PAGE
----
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Tuesday, August 21, 2007

Movie Review: Paris, Je T'Aime

"Paris, Je T'Aime," assigns the age-old subject "Paris + Love," as well as a specific neighborhood, to 18 renowned filmmakers, then collects the results in a charming anthology. It's a bit of a mixed bag, but it never had me checking my watch or counting how many films I had left to endure. As with Paris itself, there may be dull spots, but there's usually something impressive just around the corner.

Two of the most memorable films are the comedies "Tuileries" by the Coen brothers and "Tour Eiffel" by Sylvain Chomet. In the hilarious "Tuileries," Steve Buscemi is a tourist confronted with hostile Parisians and a guidebook that can only be described as Coen-esquire. "Tour Eiffel" is a witty take-off on the French cliché of mimes.

Other highlights: Some of the movie's best acting is found in "Quartier Latin," where longtime friends Gena Rowlands and Ben Gazzara play a divorcing couple. Alfonso Cuaron's one-take "Parc Monceau" has good actors (Nick Nolte and Ludivine Sagnier) and an even better twist.

Tom Tykwer's "Faubourg St-Denis" has the exciting visuals, music and editing that you'd expect from the director of "Run Lola Run." It also has one of the largest scopes, retracing a love affair at high speed. A blind man picks up the phone, and hears from his girlfriend (Natalie Portman) that she breaks up with him. He reflects on their relationship."Bastille," too, takes place over a long period of time. A man meets with his wife at a restaurant, to break up with her, so that he can run off with his mistress. But the wife has some devastating news. Pretty basic, but truly sad and beautiful.

"Pere Lachaise" isn't a horror film, though you might expect that from its setting (cemetery) and director (Wes Craven). It has good acting from Rufus Sewell and Emily Mortimer, and a friendly, charming ghost.For horror fans, there is the vampire-themed "Quartier de la Madeleine," but it's over- heated, over-stylized, and looks like a bad perfume commercial.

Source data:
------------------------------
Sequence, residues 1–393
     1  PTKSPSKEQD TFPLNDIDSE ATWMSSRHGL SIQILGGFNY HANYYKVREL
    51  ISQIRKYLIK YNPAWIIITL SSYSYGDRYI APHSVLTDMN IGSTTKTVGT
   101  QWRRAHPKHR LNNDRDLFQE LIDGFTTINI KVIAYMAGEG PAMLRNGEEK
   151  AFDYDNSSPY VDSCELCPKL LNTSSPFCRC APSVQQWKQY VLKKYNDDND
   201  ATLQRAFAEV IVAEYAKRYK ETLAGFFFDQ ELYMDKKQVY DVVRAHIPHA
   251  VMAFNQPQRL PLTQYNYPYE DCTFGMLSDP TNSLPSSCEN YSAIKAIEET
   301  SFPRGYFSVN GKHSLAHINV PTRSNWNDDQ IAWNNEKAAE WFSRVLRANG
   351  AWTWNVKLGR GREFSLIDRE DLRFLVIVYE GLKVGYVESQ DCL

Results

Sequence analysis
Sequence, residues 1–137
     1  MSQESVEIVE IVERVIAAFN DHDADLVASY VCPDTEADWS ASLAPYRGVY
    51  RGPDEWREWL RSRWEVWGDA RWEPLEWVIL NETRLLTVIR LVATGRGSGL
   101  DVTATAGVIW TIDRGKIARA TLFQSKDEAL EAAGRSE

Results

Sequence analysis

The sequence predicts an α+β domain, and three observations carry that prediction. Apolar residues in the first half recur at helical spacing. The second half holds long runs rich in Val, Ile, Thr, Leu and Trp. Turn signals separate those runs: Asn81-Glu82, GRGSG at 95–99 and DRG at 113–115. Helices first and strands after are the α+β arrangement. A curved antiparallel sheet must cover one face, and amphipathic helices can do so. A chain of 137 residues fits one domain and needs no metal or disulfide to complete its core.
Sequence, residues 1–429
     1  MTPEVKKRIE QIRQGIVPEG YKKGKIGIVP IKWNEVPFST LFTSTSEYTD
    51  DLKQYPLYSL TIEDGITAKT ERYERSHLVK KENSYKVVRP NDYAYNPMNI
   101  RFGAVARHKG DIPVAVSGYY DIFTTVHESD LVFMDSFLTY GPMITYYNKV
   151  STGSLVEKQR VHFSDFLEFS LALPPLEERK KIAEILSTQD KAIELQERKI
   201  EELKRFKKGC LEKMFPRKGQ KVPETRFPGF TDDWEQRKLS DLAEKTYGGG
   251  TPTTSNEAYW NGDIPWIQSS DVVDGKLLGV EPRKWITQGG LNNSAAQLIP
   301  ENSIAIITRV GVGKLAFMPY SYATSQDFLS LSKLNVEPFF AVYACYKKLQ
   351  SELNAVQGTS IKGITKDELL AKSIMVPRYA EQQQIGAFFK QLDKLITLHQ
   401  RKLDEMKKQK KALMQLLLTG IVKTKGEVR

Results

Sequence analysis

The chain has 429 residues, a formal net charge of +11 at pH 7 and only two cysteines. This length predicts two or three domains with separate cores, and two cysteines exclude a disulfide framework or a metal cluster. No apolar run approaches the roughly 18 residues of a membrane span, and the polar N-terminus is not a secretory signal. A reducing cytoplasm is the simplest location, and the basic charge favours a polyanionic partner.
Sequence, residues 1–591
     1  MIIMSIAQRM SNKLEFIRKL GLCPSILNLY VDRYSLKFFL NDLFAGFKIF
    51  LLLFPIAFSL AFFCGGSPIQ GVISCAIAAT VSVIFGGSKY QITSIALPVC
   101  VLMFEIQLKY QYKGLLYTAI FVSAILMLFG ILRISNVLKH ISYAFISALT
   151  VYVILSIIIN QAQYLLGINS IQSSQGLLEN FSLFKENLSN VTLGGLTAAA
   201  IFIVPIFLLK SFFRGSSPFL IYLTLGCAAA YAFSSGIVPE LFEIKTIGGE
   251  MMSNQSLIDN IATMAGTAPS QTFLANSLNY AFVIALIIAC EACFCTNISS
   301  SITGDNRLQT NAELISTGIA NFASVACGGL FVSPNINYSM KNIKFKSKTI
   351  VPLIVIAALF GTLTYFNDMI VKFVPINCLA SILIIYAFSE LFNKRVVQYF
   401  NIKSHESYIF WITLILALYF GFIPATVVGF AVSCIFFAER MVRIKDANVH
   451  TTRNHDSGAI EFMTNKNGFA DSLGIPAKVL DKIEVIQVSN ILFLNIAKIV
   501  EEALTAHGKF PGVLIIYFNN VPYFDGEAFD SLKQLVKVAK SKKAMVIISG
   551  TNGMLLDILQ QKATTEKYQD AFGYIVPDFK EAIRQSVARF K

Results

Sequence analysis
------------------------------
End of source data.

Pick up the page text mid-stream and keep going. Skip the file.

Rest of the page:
Meanwhile, "Porte de Choisy" is like a bad hair-products commercial crossed with God knows what else—set in an Asian beauty parlor, it's the anthology's most head-scratching film.

Other misses: The opener, "Montmartre," is a very generic romance. I also felt like there should have been more to Gus Van Sant's "Le Marais" than there was between the two boys. Maggie Gyllenhaal does well as a drug-addicted actress in "Quartier des Enfants Rouges," but the shaky camera-work distracts from the story. "Place des Victoires," starring Juliette Binoche in a very Binoche-ish role as a grieving mother, is sentimental and has nothing to do with Paris. And I don't think I got the life-and-art joke in "Pigalle."

Three of the movies confront social issues of race and class. "Quais de Seine," about a beautiful Muslim girl and a leering white boy, is too obvious in the points it makes, but uses the location well. Catalina Sandino Moreno is very good in "Loin du 16eme," about a poor young woman who works as a nanny in Paris's richest neighborhood. "Place des Fetes" shows an Afro-French medic tending to a wounded Nigerian immigrant who used to work in her parking garage. It examines the tensions between first- and second-generation immigrants and is also quite moving.

Alexander Payne ties everything together with "14eme Arrondissement," where a stereotypical middle-aged, middle-American tourist (Margo Martindale) describes her Parisian vacation in very bad French. At first a shallow satire, it becomes sincere and quietly epiphanic. "14eme Arrondissement," and a good half of the other movies in "Paris, je t'aime," shows how a short film can dazzle and surprise you—just like Paris itself.

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